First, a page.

From Gallipoli to Colintraive – Todd Ferguson of the ColGlen Archaeology Group reflects on the digital recording of a WW1 memorial…

On a rather fine Saturday morning in June, the ColGlen Archaeology Group came together to take part in the final session with Dr. Stuart Jeffrey, Dr. Mhairi Maxwell from ACCORD – they also brought along a friend of theirs’, Alistair Rawlinson from DDS, the world’s leading expert on laser scanning historical monuments. We all felt very privileged to have Al doing the scans, especially on learning he traveled all over the globe using the same technique and equipment on sites such as Mount Rushmore.

Stuart prepared the agenda for the weekend and did his best to scare us with words like LIDR and Photogrammetry which we all now know is the science of making measurements from photographs, especially for recovering the exact positions of surface points or in the ColGlen Archeology Group vernacular direct from our very own Cathy Grant “It’s like magic”.

This brings me to a site in Colintraive that is very dear to my own heart, having spent almost 20 years living in Australia and New Zealand. Gallipoli, during World War One, is an event etched in the stone memorials and hearts of every ANZAC. The 25th April celebrations are a national holiday where we are reminded ‘Lest We Forget’ – not to mention the only time of the year we can partake in a gambling game of ‘Two Up’ between 12 and 5pm, a popular game amongst the ANZAC’s.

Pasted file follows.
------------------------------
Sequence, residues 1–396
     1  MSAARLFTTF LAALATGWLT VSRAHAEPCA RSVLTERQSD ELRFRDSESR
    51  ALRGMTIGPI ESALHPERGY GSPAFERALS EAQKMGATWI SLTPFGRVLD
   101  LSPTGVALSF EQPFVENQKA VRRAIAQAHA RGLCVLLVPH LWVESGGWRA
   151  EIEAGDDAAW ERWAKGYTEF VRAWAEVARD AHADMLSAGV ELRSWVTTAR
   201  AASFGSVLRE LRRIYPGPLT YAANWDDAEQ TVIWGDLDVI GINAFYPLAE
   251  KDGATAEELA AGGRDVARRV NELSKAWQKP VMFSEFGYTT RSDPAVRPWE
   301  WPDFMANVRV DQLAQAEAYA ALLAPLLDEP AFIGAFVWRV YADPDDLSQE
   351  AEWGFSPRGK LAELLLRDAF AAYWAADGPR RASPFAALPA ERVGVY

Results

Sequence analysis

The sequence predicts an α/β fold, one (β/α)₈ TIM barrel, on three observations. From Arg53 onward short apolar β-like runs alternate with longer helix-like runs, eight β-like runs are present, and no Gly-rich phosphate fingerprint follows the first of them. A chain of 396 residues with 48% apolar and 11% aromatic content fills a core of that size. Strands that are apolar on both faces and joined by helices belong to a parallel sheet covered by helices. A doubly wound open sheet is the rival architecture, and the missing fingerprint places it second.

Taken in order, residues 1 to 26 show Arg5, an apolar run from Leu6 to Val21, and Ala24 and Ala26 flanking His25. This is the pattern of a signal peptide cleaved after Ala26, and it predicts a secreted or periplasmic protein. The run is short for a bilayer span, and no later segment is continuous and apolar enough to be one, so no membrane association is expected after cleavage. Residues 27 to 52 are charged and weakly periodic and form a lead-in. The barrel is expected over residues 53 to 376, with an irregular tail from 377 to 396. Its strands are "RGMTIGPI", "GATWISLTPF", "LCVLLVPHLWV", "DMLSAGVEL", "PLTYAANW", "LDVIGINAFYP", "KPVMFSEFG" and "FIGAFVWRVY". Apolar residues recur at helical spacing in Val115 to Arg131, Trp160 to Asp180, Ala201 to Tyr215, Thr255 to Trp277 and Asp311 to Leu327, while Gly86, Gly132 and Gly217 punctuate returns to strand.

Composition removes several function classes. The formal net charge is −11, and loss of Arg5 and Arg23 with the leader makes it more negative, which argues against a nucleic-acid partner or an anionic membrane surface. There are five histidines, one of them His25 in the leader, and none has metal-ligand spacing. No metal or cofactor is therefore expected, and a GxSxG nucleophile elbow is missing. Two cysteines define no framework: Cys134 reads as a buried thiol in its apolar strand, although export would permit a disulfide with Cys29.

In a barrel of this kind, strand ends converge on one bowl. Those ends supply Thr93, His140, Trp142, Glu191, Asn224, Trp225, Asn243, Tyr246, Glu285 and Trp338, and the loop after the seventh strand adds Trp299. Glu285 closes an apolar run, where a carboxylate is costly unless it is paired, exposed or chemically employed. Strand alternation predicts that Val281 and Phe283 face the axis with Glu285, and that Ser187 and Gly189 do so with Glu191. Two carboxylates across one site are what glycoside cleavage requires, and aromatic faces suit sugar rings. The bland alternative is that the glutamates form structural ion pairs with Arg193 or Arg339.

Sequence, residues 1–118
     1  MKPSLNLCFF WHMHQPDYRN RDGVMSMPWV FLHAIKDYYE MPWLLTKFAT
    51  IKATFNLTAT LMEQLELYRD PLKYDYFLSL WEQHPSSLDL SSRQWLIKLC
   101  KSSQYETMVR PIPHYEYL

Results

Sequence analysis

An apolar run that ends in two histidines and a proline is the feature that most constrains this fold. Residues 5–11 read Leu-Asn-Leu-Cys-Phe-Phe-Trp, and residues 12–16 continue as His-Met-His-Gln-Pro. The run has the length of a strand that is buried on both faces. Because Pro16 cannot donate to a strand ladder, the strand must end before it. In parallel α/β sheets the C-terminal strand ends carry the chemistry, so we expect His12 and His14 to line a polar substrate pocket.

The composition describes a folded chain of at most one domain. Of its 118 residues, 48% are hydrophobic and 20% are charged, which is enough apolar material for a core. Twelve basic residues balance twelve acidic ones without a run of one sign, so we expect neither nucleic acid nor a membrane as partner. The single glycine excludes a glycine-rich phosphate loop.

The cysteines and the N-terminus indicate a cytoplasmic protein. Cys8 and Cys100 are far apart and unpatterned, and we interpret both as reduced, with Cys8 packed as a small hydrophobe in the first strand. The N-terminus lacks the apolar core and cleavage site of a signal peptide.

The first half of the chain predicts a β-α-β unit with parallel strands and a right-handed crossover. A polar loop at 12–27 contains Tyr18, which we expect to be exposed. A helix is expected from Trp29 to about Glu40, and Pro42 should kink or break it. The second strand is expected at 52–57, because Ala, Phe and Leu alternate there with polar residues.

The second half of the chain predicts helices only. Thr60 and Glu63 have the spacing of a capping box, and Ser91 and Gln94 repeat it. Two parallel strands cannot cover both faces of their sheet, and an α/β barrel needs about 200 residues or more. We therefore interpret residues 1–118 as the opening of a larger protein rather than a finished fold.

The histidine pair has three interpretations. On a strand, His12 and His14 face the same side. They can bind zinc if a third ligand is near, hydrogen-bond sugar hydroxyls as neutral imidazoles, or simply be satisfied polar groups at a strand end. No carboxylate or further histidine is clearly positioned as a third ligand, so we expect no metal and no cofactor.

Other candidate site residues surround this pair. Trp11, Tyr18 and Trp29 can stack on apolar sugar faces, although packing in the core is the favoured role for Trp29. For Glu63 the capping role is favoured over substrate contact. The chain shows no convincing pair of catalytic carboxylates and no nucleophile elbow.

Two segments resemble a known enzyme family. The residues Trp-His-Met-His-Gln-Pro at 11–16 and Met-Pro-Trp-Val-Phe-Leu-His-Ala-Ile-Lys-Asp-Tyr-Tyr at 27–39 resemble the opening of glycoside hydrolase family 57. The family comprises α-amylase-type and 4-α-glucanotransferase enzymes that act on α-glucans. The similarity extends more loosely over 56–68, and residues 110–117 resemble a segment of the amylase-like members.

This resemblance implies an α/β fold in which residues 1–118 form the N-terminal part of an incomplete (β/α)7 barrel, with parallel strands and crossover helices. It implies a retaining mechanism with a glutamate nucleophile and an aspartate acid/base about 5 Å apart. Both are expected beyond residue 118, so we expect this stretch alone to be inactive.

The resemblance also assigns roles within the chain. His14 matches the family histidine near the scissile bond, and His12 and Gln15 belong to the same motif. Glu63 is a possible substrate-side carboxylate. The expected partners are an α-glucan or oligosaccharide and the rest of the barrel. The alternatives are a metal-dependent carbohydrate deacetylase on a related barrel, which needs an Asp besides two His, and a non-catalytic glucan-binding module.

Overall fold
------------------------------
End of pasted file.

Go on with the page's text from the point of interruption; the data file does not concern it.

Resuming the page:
Having fun under the tarp! The ColGlen group taking photographs using the Magic Pole to create a photogrammetric model of the WW1 memorial.

Having fun under the tarp! The ColGlen group taking photographs using the Magic Pole to create a photogrammetric model of the WW1 memorial.

We decided that this mystery memorial on the beach, that few had seen, should be the first site that we tried out our new skills of photogrammetry. Cameras in hand we began to cover every angle and surface that we could, made a lot easier thanks to Gordon hacking through most of the undergrowth at the back of the monument. Stuart brought out his secret weapons – the ‘Magic’ pole and iPad for ensuring that we captured the top parts of the monument, and much fun under the tarpaulin had begun.

The rain had started to drizzle as we finished up and headed back to the hall for soup and sandwiches provided as always by Danuta (thanks again). Stuart loaded the photographs and we sat back to let the software do its thing. Slowly but surely the monument began to appear before our eyes on the screen. It truly was like magic.

We then began to uncover more about the MacKirdy names on the plaques.

It turns out that Peter and Robert were twin brothers who like many young men before them headed off across the water to fight in the Great War. Peter, was a Lieutenant-Commander with ANSON Battalion of the Royal Naval Reserve, was wounded on April 25th 1915. He subsequently died of his wounds on May 29th 1915, aged 26.